Started: April 2, 2012
Ended: April 5, 2012
Objective: The LUNAR (Lunar University Network for Astrophysics Research) team is collaborating with JPL's ATHLETE (All-Terrain Hex-Limbed Extra-Terrestrial Explorer) rover team to test the survivability of their rover in lunar nighttime conditions. This rover is designed to be a heavy lift utility vehicle, supporting human exploration on the lunar surface. Each limb requires multiple actuators to allow for six degrees of freedom in movement. These actuators are built of multiple components that can only operate at certain temperatures.
The LUNAR team has designed and started to implement a series of tests on a representative hip-pitch actuator to determine what is needed to keep its components warm enough to survive the lunar night. The first experiement in this series has been conducted to get baseline data on how heat flows through the actuator.
Data: The actuator consists of four main components: a brake, a field director, a three phase motor, and a gearbox. The brake requires 28V to disengage, and the motor accepts up to 28V to operate at maximum rpm. Two power supplies external to the chamber provided the power to these components. Only two motor windings were powered for these initial tests, so the axle was not actually spinning during this initial test. The team plans to build a driver to spin the motor for subsequent testing.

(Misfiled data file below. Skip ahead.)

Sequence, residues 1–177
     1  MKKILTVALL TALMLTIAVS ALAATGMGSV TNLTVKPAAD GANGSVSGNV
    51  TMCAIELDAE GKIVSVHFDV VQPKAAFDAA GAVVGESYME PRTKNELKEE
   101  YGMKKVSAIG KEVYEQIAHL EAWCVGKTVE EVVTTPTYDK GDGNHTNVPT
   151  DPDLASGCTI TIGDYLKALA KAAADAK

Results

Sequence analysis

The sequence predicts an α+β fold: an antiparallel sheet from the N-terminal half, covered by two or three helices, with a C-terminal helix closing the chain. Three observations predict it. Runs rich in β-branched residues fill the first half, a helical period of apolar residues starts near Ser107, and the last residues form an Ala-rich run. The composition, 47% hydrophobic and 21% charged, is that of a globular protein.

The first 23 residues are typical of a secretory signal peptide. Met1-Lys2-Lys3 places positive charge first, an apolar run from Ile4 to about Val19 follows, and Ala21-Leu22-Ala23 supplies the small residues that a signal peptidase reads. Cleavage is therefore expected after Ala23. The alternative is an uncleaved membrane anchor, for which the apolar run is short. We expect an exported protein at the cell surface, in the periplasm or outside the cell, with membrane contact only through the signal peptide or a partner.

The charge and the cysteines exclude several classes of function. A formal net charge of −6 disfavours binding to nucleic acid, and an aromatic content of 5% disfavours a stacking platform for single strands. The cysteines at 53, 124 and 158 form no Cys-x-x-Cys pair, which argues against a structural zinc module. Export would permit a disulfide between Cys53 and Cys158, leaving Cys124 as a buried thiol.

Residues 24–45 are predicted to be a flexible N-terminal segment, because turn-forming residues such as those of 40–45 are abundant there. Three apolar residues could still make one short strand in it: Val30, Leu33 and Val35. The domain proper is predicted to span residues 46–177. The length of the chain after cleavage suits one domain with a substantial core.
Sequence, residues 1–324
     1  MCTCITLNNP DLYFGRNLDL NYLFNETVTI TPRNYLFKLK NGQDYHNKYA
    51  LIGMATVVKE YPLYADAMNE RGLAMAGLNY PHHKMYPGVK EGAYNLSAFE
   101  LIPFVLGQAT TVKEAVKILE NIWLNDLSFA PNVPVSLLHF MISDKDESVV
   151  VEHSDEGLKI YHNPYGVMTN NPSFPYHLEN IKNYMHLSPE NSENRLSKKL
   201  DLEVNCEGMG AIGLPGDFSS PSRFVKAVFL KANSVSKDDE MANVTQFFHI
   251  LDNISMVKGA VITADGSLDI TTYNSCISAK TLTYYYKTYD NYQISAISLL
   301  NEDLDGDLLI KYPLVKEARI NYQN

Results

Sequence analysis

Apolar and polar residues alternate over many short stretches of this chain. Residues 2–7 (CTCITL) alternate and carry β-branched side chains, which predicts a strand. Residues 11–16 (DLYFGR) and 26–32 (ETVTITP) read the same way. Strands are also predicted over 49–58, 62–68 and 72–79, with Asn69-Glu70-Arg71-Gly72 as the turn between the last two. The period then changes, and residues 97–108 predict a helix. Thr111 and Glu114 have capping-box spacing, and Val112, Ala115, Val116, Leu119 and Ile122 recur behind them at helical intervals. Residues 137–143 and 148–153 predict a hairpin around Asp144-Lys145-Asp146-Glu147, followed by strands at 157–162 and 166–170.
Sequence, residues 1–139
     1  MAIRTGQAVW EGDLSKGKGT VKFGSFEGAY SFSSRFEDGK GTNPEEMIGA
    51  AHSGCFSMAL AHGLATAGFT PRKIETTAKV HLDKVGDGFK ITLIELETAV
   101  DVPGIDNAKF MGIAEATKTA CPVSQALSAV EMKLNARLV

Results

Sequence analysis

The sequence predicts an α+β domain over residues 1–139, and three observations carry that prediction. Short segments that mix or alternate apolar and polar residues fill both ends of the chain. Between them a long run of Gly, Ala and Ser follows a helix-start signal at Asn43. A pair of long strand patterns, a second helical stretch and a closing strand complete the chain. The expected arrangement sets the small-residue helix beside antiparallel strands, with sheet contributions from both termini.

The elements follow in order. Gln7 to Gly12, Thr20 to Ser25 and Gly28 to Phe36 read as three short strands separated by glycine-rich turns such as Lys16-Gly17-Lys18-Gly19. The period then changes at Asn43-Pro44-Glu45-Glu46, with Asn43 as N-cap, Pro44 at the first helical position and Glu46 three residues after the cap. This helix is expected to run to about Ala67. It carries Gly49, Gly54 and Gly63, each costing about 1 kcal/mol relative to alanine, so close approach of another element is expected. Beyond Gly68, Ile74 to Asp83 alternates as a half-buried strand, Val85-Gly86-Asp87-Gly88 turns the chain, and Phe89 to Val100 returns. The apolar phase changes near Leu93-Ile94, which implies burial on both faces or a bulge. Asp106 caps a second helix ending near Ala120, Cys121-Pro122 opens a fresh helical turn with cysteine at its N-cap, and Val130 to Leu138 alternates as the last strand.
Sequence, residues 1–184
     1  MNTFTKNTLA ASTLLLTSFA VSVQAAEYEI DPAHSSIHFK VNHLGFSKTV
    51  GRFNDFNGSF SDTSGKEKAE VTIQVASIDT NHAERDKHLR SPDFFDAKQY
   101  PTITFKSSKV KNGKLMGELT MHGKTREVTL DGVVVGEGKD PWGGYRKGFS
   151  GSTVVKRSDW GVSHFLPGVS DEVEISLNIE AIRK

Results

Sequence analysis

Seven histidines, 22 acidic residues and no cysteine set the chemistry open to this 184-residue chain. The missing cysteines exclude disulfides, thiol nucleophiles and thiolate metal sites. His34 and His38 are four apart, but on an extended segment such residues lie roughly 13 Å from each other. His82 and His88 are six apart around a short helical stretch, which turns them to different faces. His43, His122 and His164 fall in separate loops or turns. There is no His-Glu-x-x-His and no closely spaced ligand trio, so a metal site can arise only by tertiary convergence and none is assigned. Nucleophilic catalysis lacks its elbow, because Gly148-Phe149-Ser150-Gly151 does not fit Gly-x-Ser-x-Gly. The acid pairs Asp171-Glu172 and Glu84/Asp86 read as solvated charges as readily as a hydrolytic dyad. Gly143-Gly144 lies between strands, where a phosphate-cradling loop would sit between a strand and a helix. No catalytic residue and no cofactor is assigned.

The team custom designed an aluminum mounting structure to fasten the actuator to the chamber thermal plate, and six thermocouples were attached to the actuator and the block to monitor heat flow. Sunlit lunar polar conditions were simulated using the LSL located at the University of Colorado Boulder. The Ultra High Vacuum (UHV) chamber was used for this initial thermal experiment. Although the target temperature for the actuator was –135° C—the temperature ATHLETE would reach in a sunlit lunar polar region—the lubricants inside the gearbox could not go below –80° C. To accommodate this requirement, the experiment was designed to determine the voltages required to keep the gearbox above –80° C while stepping the temperature of the mounting structure down to –135° C.